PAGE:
It’s exactly right. Originally it was for scraping. My chief thing was, “We should do screen scraping.” For the first couple of years, one person wanted to send PDFs, something I had never intended for him. He was like, “If you want to do PDF generation, here’s an API for Chrome.” He even wrote a little REST API wrapper over how Puppeteer does PDFs to make it easier for people to do that. Another person does it for screenshot memes. It’s screenshots, PDFs and scraping. There are some esoteric ones out there where they will fire up Headless Chrome, launch a game server, host it in that Headless Chrome and then people can join into it. They can record the session. The use cases are pretty wild.

Originally, I didn’t play too much into particular use cases. I want to focus on getting whoever is building what they’re building the best experience possible for those people. The target audiences were developers. The product was very developer-focused. There’s a lot of remote debugging you could do. That was the other thing that was tough with Headless Chrome. You’d write something that would work locally and push it out. For some reason, something would timeout. You get a blank page back or something.

Being able to see what the browser was doing was hard so we have a cool trick where we can start the Scrum session. We pause JavaScript execution right away. On our account page, you get a little link to view that session. You can remotely watch it from a little screen viewer and get the whole host of Chrome DevTools at the same time. It makes the debugging experience in production way better. It’s not trying to record everything and then send it to you after the fact. You can sit there, watch it go through its steps and see what’s going on.

Developer experience was the biggest thing for me. I want it so I can use it for the things that I want to use it for and use the things that I would want. We’re starting to see a little bit more tightening down on use cases. We’ll probably have something specific for scraping. If you want the best scraper experience, here’s what you would use, same with PDFs and other static assets that you can get out of how those Scrum. We’re trying to make the web more accessible and programmatic.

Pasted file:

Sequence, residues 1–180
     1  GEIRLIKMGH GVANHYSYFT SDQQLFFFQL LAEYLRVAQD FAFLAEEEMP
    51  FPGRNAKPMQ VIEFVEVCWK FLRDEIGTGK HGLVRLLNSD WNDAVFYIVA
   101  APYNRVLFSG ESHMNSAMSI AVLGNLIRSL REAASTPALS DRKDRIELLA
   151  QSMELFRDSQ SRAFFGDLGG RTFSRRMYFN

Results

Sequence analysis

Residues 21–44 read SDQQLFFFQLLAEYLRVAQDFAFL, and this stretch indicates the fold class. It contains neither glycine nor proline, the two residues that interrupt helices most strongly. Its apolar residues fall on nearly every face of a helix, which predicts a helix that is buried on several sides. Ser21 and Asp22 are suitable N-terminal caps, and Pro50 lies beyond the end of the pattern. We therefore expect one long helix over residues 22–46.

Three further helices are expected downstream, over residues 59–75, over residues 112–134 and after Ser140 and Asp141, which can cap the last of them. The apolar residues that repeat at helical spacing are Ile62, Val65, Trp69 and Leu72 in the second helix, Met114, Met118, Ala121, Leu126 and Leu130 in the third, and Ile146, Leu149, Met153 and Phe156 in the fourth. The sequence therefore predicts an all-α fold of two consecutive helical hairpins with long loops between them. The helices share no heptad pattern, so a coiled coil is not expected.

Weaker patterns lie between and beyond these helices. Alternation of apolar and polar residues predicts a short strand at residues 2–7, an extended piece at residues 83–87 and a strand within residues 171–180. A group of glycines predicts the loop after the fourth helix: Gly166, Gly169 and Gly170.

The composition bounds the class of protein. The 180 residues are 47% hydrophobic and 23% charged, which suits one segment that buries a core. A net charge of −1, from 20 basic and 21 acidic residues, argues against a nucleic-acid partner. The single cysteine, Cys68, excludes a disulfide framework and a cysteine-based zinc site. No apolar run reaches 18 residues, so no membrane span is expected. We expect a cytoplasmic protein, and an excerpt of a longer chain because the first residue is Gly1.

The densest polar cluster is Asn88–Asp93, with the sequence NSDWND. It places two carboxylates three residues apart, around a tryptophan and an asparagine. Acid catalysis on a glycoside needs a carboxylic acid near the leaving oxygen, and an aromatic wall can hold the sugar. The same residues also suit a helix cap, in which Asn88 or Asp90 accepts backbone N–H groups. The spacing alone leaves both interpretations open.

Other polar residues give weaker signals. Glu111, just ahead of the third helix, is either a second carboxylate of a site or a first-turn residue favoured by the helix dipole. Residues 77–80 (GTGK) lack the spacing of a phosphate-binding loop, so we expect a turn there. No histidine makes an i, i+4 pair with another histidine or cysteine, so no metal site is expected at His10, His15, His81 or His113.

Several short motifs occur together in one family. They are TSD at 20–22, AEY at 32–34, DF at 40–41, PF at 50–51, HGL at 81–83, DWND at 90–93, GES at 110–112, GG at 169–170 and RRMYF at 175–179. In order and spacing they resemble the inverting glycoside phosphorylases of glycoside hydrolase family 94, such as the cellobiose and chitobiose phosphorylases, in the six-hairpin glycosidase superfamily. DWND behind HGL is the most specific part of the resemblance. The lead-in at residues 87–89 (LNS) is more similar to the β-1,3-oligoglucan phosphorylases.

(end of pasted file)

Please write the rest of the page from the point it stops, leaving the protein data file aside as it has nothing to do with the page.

How did you come up with the pricing initially? Was it a question of adding a percentage or multiple on top of what was costing you? Did you have a free plan at any point in time?

I was concerned about free plans because there’s the possibility for somebody to sign up for a free plan and do nefarious things top of mind whether that be DDoSing somebody or trying to swing stock prices with one quick mass push to buy and sell pump and dump. I don’t want to have to deal with those kinds of dark problems. We decided early on, no free plan. What we instead did is we have a little demo server so there’s a free server that you can send 5 to 10 queries a day to get a feel for the service and how it works.

If it works out great, you’ve done the whole thing and you’ll know how to interact with us. It’s five requests a day. Once you hit, you start getting rejections back. You’ve met your free quota for the day. You can sign up for usage-based or whatever out there. That’s how it works. Pricing was simple. It was like, “What’s a livable margin that I can have at this moment to pay for my costs?” Pricing is still the one thing that I’m potentially worse at. It is hard to price appropriately.

Who’s your target audience? What value are they getting? How much does it cost you? What’s your cost to acquire customers? It’s this giant convoluted formula to figure out where the pricing is at. I have a lot of respect for people that do that because it is a very dark art on its own. It’s mostly still, “What’s a good margin? What are people willing to pay and not complain?” We did raise pricing at one point because we were getting flooded with people saying, “This is too cheap. You need to charge me more.” If people are saying that then there’s a good chance that you are not charging them enough.